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15 Preventive maintenance (Introductory Macintosh FAQ)


This article is from the Introductory Macintosh FAQ, by Elliotte Rusty Harold elharo@shock.njit.edu with numerous contributions by others.

15 Preventive maintenance (Introductory Macintosh FAQ)

You wouldn't drive your car 100,000 miles without giving it a
tune-up. A computer is no different. Regular tune-ups avoid a lot
of problems. Although there are Mac mechanics who will be happy to
charge you $75 or more for the equivalent of an oil change, there's
no reason you can't change it yourself. The following ten-step
program should be performed about every three months or when you're
experiencing problems.


Many of the operations that follow will run faster and more
smoothly the more free disk space there is to work with, so spend
a little time cleaning up your hard disk. If you're at all like
me, you'll find several megabytes worth of preferences files for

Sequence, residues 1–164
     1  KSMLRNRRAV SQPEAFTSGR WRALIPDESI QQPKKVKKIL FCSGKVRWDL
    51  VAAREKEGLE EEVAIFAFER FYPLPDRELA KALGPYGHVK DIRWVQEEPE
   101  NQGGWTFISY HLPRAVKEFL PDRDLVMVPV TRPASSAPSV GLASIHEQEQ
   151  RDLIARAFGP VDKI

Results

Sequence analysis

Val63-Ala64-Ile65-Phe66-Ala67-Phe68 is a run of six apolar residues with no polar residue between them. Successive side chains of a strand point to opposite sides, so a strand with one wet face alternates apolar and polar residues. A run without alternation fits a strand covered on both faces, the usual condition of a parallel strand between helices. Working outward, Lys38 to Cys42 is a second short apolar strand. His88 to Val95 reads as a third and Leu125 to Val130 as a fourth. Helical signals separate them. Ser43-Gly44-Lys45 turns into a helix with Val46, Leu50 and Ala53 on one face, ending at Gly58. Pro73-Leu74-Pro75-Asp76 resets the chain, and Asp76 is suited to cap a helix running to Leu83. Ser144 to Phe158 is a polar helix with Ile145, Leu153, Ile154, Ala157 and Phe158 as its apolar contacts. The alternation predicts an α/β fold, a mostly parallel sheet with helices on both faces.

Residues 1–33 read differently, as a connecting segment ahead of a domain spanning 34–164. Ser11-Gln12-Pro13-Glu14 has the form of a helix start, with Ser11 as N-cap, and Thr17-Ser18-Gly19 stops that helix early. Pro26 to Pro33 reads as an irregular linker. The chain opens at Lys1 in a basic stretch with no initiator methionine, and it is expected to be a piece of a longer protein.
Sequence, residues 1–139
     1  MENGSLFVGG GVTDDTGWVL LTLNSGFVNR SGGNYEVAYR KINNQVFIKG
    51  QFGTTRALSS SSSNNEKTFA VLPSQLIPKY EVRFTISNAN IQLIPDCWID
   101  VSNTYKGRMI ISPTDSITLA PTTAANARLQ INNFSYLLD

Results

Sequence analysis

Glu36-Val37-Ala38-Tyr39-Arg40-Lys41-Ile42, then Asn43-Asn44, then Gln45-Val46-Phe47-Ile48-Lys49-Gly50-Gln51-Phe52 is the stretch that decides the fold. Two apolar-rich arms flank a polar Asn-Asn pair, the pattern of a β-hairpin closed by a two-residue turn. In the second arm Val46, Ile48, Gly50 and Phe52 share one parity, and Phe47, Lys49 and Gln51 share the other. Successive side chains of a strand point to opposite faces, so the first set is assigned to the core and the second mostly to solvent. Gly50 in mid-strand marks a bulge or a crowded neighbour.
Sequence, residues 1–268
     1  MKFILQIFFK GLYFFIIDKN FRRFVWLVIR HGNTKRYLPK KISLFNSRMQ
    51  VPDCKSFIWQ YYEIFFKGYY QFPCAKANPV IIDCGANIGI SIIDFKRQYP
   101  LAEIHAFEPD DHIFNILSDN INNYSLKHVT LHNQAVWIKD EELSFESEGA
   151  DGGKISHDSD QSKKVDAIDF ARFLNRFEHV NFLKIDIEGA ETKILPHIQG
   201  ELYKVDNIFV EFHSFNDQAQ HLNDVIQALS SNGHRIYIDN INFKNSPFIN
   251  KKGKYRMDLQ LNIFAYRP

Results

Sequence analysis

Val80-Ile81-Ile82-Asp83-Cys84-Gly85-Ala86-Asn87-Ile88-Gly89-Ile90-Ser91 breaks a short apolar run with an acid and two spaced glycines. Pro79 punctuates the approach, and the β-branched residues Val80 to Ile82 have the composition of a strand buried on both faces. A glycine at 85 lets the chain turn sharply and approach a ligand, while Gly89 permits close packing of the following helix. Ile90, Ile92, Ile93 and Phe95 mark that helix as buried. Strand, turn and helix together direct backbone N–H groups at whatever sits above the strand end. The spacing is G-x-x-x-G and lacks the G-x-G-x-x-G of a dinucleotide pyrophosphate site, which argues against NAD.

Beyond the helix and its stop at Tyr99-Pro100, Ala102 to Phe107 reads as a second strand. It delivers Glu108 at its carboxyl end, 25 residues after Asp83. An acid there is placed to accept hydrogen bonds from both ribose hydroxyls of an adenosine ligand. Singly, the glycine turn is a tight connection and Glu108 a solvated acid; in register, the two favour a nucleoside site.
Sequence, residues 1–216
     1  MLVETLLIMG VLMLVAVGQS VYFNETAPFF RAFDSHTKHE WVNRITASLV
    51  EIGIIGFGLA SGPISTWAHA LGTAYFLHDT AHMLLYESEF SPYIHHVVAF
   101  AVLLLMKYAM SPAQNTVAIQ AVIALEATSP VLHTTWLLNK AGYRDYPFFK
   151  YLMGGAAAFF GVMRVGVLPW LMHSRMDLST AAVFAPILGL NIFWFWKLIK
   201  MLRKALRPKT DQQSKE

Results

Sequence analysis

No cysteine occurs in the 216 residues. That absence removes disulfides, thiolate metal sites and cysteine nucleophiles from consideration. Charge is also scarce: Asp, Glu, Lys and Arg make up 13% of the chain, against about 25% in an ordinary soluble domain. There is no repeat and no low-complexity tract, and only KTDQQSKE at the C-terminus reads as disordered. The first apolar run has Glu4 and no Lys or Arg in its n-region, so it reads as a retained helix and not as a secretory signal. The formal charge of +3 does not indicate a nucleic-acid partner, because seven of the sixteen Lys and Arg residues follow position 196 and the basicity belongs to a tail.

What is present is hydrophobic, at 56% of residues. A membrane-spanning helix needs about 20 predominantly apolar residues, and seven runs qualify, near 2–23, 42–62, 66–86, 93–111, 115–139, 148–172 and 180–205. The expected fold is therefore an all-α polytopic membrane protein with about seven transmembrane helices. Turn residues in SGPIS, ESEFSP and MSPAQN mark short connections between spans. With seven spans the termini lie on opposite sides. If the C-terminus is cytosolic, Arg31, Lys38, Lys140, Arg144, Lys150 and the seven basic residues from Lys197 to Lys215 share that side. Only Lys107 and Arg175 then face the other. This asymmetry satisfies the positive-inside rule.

applications you no longer have, archives of software you've
dearchived, shareware you tried out and didn't like, announcements
for events that have come and gone and many other files you no
longer need. If you're running System 7 you may also have several
more megabytes in your trash can alone. Throw them away and empty
the trash.


Some Macintoshes attract extensions like a new suit attracts rain.
Seriously consider whether you actually need every extension and
control panel in your collection. If you don't use the
functionality of an extension at least every fifth time you boot
up, you're probably better off not storing it in your System
Folder where it only takes up memory, destabilizes your system,
and slows down every startup. For instance if you only read PC
disks once a month, there's no need to keep Macintosh PC Exchange